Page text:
Tuesday, November 8

Killers of the Flower Moon + History of Oil & Gas

At the end of the nineteenth century, the Osage Indians were driven onto a presumed worthless expanse of land in northeastern Oklahoma, but their territory turned out to be on top of one of the largest oil deposits in the United States.  To obtain that oil, prospectors were required to pay the tribe for leases and royalties.  By the 1920s, the members of Osage Nation had become the wealthiest people per capita in the world!  And then the Osage began to die under mysterious circumstances...

Did you know that the first oil was discovered by the Chinese in 600 B.C. and transported in pipelines made from bamboo?  It wasn't until 1859, however, and the discovery of oil in Pennsylvania that oil set the stage for a new world economy.  With the advent of the automobile in the early 20th century, the demand for oil increased exponentially!  By the end of the 1910s, gasoline had proven itself (through World War I) as both a critical energy source and an important military asset.

Most people think of Texas and Oklahoma when they think of oil in the US, but the first oil companies and derricks were in and around Titusville, PA back in the mid to late 1800s.  Here's a little bit about how the history of oil unfolded...
  • August 27, 1859 – First oil well drilled in Titusville, PA by Edwin Drake of the Pennsylvania Rock Oil Company
  • 1866 – Oil production begins in Oil Springs, Texas
  • 1867 – Rockefeller forms the Standard Oil Company, and becomes the industry’s first “baron." By 1879, Standard Oil controlled not only 90% of America’s refining capacity, but also its pipelines and gathering systems.  (While Rockefeller was building his U.S. empire, the Nobel and Rothschild families were competing for control of production and refining of Russia’s oil riches.)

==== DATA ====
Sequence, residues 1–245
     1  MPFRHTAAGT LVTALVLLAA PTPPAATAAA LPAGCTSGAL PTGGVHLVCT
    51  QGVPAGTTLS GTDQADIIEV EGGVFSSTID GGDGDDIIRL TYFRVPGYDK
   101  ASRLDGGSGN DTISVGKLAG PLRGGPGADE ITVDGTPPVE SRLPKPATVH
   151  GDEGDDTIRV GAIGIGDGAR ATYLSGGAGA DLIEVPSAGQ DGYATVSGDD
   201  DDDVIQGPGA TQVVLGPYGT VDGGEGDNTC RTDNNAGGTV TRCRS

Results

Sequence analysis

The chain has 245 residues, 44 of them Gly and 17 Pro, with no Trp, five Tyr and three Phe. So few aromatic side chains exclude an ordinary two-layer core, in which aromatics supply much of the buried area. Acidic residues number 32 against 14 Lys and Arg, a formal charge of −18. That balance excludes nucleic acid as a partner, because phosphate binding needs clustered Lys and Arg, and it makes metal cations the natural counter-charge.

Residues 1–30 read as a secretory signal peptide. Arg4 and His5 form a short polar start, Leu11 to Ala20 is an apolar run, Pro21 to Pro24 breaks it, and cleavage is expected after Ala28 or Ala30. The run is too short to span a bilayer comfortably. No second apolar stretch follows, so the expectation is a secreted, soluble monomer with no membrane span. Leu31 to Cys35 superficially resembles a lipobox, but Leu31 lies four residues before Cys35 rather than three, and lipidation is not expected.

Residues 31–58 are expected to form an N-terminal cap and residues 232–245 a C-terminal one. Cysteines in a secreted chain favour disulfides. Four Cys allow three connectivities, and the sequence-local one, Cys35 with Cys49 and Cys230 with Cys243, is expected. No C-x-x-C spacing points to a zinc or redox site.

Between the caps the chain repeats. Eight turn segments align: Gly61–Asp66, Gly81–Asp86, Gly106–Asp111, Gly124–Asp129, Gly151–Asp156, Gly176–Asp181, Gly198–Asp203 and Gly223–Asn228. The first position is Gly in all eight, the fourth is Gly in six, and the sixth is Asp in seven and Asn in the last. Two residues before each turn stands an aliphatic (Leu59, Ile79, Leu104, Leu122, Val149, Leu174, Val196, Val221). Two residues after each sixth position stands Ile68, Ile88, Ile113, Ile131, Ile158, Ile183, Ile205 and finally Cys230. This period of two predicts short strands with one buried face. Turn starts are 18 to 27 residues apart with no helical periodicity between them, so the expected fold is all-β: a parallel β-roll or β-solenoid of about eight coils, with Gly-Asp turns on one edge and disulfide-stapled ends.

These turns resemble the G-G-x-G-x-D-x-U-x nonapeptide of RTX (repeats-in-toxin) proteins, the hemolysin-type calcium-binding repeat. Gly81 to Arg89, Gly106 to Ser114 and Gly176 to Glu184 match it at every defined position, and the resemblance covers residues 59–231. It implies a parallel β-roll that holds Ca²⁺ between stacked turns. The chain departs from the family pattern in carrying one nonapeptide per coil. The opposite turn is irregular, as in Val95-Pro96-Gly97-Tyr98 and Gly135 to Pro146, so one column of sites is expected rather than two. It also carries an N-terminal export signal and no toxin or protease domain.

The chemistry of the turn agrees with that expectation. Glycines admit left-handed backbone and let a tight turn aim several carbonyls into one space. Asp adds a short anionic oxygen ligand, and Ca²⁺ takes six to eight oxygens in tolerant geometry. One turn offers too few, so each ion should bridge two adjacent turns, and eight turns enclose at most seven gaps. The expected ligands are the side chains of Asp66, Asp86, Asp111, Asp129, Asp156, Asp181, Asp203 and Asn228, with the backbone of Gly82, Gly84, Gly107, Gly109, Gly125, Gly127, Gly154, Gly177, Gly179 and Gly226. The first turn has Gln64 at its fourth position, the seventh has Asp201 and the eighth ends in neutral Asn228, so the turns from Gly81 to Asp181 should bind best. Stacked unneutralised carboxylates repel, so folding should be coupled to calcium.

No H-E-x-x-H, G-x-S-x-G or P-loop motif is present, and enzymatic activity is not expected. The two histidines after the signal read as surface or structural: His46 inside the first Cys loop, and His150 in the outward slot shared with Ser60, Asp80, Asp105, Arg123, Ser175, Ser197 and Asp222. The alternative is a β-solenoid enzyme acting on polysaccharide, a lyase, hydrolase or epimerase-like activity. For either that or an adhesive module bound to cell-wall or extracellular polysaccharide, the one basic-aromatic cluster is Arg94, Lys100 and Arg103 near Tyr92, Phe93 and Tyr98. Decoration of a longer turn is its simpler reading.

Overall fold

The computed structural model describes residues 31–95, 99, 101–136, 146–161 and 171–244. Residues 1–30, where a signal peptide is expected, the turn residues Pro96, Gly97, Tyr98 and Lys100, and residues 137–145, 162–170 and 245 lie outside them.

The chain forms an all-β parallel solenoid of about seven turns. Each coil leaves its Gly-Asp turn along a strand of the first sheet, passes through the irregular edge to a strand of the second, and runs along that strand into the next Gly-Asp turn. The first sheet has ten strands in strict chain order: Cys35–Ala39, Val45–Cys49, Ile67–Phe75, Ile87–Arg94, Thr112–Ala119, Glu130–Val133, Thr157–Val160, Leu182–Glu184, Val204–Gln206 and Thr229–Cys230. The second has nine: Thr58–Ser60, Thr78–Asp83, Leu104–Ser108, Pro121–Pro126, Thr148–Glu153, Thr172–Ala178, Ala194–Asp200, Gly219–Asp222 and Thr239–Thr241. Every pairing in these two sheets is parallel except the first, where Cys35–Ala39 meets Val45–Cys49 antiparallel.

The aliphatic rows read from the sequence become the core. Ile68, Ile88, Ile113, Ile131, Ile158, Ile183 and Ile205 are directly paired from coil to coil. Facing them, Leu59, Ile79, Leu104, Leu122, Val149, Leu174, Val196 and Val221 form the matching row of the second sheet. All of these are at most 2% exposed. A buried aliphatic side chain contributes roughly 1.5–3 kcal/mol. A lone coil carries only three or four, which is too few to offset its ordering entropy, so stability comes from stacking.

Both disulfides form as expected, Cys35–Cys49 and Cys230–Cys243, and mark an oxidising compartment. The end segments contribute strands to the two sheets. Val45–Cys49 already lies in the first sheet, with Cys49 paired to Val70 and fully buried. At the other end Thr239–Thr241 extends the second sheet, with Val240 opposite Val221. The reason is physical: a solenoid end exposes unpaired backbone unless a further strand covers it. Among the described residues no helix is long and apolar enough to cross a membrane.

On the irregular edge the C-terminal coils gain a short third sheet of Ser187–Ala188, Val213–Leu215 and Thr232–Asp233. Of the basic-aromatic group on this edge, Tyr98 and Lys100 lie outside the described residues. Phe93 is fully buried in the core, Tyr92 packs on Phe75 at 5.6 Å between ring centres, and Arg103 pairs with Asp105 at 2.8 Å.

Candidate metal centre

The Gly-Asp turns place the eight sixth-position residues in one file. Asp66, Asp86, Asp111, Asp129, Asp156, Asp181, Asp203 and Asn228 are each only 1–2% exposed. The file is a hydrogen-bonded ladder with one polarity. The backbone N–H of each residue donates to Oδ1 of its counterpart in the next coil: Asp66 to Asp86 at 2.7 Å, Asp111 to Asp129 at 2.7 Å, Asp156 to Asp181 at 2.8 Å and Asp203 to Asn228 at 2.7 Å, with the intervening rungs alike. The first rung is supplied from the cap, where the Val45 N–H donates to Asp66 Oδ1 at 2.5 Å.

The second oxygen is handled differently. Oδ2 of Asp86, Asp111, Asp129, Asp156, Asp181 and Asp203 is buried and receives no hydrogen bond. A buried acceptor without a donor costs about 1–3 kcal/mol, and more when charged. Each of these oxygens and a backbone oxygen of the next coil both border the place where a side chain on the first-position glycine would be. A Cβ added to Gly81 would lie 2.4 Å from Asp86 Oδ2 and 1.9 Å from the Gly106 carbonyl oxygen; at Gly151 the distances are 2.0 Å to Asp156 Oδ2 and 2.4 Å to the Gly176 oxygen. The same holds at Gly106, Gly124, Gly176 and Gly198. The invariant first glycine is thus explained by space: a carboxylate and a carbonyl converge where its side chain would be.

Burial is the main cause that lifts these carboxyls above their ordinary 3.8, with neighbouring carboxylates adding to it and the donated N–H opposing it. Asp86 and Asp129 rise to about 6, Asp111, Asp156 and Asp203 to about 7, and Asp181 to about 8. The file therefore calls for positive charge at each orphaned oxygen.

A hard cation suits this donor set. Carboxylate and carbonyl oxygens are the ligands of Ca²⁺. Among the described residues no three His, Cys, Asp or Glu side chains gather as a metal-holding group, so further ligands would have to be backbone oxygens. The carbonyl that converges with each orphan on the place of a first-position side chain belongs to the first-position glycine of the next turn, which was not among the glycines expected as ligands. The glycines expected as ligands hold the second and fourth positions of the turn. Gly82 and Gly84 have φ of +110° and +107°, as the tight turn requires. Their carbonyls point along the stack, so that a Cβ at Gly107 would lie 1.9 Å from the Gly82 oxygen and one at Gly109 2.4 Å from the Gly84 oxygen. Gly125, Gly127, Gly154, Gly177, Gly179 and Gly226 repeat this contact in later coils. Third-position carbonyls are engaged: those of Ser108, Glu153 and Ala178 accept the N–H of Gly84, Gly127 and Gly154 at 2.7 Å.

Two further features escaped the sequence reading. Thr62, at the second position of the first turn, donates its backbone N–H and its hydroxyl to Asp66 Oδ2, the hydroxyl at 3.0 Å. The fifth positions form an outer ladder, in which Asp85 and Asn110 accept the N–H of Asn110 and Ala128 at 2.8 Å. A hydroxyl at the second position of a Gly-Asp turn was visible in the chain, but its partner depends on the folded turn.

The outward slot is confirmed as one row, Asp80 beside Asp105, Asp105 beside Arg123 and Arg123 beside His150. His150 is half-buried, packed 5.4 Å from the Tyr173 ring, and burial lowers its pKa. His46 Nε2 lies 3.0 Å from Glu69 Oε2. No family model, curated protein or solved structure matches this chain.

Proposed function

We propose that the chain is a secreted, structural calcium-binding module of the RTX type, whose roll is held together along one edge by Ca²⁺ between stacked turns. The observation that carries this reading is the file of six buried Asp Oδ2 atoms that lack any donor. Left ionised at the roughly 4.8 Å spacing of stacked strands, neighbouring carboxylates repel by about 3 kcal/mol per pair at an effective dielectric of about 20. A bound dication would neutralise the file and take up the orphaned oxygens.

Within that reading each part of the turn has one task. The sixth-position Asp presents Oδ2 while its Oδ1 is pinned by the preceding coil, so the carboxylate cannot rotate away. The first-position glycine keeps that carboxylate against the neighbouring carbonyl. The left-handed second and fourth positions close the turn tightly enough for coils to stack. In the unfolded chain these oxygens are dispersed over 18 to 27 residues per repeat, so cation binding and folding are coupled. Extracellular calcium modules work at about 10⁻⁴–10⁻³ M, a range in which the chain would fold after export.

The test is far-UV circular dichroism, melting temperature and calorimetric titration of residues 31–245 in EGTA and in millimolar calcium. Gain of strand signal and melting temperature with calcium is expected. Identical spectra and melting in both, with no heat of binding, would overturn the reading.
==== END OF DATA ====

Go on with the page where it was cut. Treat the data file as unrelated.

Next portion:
• 1870 – Kerosene has replaced whale oil as the dominant fuel for illumination, bringing an end to the era of whale oil.
  • 1894 – First significant Texas oil field developed near Corsicana and would eventually build the first modern refinery in Texas.
  • January 10, 1901 – Spindletop Geyser - This discovery near Beaumont, Texas would set off the oil industry boom in Texas.  More than 1500 oil companies would be formed within a year of the Spindletop geyser.
  • 1911 – US Supreme Court ordered the Standard Oil Trust to break apart. That monopoly becomes thirty-four separate companies.  Today, three companies—ExxonMobil, Shell, and BP—are considered the original “supermajors.”
  • 1930s – Gulf Oil, BP, Texaco, and Chevron were involved in concessions that made major discoveries in Kuwait, Saudi Arabia, and Libya.
  • 1960 – OPEC formed in Baghdad, Iraq for the purpose of negotiating with IOCs on matters of oil production, oil prices, and future concession rights. (Today, members of OPEC are Algeria, Angola, Ecuador, Iran, Iraq, Kuwait, Libya, Nigeria, Qatar, Saudi Arabia, United Arab Emirates, and Venezuela.  Saudi Arabia has the majority of OPEC reserves, followed closely by Iran and Venezuela.)
  • 1973-74 - Arab oil embargo; US gas crisis
  • 1980s – Oil glut sends the price of oil from $35 a barrel to below $10
  • 1989 – Exxon Valdez oil spill
  • 1990 – Gulf War
  • 1997 – Hydraulic fracturing (fracking) proliferates.
  • The 2000s – Oil prices spike. The price of oil continues to climb above $65 in 2005 and eventually hits a high of $147.30 in 2008.
  • 2010 – BP Horizon oil spill
  • 2022 - Oil prices spike amid global pandemic and Russian invasion of Ukraine.

Osage Indian Murders